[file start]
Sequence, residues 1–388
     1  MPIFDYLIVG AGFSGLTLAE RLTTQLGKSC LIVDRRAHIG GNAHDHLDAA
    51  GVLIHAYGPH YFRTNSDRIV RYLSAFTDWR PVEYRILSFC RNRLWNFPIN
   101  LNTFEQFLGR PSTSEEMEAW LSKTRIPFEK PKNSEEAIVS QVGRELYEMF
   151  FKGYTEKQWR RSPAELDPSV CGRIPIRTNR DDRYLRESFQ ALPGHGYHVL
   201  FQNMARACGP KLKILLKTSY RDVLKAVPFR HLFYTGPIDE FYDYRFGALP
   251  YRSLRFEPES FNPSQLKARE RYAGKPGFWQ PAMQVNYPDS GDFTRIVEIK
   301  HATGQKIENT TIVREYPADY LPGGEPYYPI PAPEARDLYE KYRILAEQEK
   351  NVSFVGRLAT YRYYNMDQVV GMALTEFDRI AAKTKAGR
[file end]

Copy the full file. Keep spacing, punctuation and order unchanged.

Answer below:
Sequence, residues 1–388
     1  MPIFDYLIVG AGFSGLTLAE RLTTQLGKSC LIVDRRAHIG GNAHDHLDAA
    51  GVLIHAYGPH YFRTNSDRIV RYLSAFTDWR PVEYRILSFC RNRLWNFPIN
   101  LNTFEQFLGR PSTSEEMEAW LSKTRIPFEK PKNSEEAIVS QVGRELYEMF
   151  FKGYTEKQWR RSPAELDPSV CGRIPIRTNR DDRYLRESFQ ALPGHGYHVL
   201  FQNMARACGP KLKILLKTSY RDVLKAVPFR HLFYTGPIDE FYDYRFGALP
   251  YRSLRFEPES FNPSQLKARE RYAGKPGFWQ PAMQVNYPDS GDFTRIVEIK
   301  HATGQKIENT TIVREYPADY LPGGEPYYPI PAPEARDLYE KYRILAEQEK
   351  NVSFVGRLAT YRYYNMDQVV GMALTEFDRI AAKTKAGR